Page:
Among the many cherished recollections that I have retained of the years I spent in the United States, one remains outstanding because it is associated with what, due to my inexperience, appeared to me as something of a discovery. Indeed, it embodies for me to this day the unfathomable wealth and mystery of the city of New York.
This apparent discovery took place quite casually one day on lower Broadway, when I stumbled upon a bookstore which specialized in second-hand government publications and where could be bought for two or three dollars apiece most of the Annual Reports of the Bureau of American Ethnology.
I can hardly describe my emotion at this find. That these sacrosanct volumes, in their original green and gold bindings, representing most of what will remain known about the American Indian, could actually be bought and privately owned, was something I had never dreamed of. To my mind, they belonged rather to the same irredeemable past as the beliefs and customs of which they spoke. It was as though the civilization of the American Indian had suddenly come alive through the physical contact that these contemporary books established between me and their time. I felt somewhat akin to a sixteenth-century scholar who, finding in what must have corresponded to our second-hand bookstores, old manuscript copies of the works of Homer, Plato, or Virgil, is struck by the evidence that these great men had actually existed since someone had seen and transcribed their written word. Although my financial resources were less than scant and three dollars represented all I had to spend on food for the same number of days, this sum seemed negligible when it could pay for one of those marvelous publications, more alluring to the eye than any costly art books, such as Mallery’s Pictographs, Matthew’s Mountain Chant, Fewkes’s Hopi Katcinas, or such treasure troves of knowledge as Stevenson’s Zuni Indians, Boas’s Tsimshian Mythology, Roth’s Guiana Indians, and Curtin and Hewitt’s Seneca Legends.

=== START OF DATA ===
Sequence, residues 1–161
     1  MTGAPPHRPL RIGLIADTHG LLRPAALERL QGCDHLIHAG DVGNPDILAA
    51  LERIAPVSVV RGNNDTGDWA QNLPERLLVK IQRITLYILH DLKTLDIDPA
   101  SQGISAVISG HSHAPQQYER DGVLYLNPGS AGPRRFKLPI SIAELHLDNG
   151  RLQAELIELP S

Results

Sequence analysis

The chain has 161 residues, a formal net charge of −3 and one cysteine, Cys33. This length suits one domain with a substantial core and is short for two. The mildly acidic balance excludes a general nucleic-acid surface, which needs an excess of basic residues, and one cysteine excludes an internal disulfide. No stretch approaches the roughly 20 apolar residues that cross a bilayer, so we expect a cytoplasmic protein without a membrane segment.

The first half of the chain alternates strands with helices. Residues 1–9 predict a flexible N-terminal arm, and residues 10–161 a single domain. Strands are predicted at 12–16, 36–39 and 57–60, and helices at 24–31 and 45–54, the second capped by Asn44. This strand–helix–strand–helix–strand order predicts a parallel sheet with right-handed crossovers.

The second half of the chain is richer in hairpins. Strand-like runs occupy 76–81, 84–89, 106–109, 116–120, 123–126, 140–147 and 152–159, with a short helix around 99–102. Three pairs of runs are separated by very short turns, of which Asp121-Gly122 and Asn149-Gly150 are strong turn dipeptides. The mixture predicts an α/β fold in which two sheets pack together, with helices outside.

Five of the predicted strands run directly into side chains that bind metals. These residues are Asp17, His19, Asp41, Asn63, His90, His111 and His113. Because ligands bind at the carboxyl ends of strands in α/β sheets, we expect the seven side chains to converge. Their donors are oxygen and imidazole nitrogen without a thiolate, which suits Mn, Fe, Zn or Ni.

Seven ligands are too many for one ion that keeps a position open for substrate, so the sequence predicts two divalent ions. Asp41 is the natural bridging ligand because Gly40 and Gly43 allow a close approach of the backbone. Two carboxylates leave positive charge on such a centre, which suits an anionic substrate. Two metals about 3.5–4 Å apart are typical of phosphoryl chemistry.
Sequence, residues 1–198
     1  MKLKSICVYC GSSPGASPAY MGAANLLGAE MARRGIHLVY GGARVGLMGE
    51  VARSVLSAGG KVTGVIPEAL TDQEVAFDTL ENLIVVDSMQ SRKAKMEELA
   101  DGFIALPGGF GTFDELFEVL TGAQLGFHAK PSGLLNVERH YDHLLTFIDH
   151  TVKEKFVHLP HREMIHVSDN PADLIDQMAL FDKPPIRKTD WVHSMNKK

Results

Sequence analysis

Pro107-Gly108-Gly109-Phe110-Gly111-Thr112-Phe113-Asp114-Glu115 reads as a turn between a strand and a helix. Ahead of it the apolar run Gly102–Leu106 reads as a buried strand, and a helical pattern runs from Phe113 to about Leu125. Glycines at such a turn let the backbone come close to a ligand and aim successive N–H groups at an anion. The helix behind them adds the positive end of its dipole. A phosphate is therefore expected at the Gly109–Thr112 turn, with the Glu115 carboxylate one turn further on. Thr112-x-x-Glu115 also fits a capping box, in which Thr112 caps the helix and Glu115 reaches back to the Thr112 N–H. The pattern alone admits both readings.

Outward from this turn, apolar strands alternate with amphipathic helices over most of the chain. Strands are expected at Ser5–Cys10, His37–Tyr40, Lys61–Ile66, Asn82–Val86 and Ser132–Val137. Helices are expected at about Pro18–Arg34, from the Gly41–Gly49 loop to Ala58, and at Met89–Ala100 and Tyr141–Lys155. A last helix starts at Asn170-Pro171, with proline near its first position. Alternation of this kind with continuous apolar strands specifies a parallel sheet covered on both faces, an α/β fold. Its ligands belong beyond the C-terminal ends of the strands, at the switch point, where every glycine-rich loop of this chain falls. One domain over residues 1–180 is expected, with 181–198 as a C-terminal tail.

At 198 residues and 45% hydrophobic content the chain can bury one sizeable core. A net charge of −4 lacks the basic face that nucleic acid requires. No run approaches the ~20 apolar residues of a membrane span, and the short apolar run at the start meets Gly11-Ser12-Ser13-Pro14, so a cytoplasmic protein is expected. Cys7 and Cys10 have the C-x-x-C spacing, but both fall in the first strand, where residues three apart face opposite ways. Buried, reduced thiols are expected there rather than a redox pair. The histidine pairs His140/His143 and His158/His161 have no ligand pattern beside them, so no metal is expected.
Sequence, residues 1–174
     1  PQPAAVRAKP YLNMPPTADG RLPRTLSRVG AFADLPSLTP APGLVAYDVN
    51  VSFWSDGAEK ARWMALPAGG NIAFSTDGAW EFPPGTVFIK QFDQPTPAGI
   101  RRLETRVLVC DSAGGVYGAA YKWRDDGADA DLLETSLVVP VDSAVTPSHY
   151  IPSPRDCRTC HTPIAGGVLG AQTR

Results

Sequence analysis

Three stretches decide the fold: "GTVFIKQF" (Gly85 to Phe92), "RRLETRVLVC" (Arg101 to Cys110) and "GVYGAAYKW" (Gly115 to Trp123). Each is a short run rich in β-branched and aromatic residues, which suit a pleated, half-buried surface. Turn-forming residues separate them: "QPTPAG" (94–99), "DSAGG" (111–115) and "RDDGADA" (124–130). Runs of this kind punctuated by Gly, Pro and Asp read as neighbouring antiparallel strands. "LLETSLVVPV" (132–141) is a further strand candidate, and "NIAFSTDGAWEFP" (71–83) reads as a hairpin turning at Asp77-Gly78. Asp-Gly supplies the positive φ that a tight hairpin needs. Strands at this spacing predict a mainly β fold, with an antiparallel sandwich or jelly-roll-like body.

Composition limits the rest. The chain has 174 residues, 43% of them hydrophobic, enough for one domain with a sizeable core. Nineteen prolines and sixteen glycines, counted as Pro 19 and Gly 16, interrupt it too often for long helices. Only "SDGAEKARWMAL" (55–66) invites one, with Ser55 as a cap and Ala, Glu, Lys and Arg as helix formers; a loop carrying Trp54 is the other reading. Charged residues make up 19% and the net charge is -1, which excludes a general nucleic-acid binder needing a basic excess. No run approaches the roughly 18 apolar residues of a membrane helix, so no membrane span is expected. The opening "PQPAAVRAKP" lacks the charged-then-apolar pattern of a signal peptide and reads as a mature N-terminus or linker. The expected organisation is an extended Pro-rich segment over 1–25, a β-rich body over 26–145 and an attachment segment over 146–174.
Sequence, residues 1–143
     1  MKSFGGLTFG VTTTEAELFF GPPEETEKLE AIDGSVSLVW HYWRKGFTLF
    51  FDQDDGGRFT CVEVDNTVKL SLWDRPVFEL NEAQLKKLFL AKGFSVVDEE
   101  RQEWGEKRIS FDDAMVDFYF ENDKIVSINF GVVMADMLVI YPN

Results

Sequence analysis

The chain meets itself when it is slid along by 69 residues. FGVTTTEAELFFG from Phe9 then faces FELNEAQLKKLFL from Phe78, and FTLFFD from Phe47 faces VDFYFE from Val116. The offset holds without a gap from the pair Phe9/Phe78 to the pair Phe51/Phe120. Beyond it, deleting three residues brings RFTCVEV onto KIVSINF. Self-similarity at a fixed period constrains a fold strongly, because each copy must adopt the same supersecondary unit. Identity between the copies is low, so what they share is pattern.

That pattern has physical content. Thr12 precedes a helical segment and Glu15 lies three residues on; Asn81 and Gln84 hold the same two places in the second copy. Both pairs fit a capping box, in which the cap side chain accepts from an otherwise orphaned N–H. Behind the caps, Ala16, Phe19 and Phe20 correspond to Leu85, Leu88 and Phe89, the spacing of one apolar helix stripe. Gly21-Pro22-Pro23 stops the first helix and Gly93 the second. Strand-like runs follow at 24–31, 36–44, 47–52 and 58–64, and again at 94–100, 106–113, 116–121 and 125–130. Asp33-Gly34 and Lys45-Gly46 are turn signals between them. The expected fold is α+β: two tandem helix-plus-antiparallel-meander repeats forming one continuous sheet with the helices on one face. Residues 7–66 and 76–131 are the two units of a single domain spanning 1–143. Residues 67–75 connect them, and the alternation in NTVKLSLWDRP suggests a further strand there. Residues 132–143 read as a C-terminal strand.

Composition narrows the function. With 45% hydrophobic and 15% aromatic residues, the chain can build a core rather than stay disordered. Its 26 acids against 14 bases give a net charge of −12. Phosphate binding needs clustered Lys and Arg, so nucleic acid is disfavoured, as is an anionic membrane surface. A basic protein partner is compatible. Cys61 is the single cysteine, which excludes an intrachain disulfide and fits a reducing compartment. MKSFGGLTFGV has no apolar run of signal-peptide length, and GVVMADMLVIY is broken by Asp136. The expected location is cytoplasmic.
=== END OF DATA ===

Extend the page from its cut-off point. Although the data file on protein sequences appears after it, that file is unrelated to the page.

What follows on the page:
Thus it happened that volume after volume and at the cost of some privations. I built up an almost complete set (there is still one volume missing) of the Annual Reports 1 to 48, which belong to the “great period” of the Bureau of American Ethnology. At that time I was far from imagining that a few months later I would be invited by the Bureau to become a contributor to one of its major undertakings: the seven-volume Handbook of South American Indians.
Notwithstanding this close association and the years that have since elapsed, the work of the Bureau of American Ethnology has lost for me none of its glamor, and I still feel toward it an admiration and respect which are shared by innumerable scholars the world over. Since it so happens that in the same year that marks the 200th Anniversary of James Smithson, the life of the Bureau has come to an end (though its activities are carried on under a …